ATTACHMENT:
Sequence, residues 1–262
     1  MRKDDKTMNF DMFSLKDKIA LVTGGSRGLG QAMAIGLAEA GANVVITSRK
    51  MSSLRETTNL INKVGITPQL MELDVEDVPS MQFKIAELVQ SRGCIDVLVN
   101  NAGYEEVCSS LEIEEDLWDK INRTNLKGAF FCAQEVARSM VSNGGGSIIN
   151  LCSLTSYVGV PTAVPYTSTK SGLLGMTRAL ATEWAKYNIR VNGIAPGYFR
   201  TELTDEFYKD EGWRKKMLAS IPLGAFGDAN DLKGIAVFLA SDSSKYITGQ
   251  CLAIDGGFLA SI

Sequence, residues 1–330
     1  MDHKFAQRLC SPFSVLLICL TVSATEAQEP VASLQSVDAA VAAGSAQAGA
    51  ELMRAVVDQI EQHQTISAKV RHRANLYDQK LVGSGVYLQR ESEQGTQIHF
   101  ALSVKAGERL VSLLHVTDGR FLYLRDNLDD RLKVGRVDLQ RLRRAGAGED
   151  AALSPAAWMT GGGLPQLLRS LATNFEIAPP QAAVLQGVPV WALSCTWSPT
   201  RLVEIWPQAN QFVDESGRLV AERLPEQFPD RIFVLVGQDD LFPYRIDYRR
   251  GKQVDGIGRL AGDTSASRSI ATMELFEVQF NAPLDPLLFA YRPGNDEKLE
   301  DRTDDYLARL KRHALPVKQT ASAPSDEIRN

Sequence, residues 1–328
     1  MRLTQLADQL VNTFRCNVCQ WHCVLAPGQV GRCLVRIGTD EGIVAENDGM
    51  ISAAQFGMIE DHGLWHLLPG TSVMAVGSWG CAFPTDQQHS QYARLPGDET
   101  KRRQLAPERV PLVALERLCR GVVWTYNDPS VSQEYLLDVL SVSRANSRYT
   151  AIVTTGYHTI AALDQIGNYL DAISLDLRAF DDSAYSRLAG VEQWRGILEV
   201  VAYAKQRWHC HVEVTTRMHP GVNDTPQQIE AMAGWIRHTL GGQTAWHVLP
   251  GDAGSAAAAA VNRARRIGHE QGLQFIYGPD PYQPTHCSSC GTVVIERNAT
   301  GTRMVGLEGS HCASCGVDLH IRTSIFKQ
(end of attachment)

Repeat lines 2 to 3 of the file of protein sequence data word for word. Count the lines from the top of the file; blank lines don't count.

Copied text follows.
     1  MRKDDKTMNF DMFSLKDKIA LVTGGSRGLG QAMAIGLAEA GANVVITSRK
    51  MSSLRETTNL INKVGITPQL MELDVEDVPS MQFKIAELVQ SRGCIDVLVN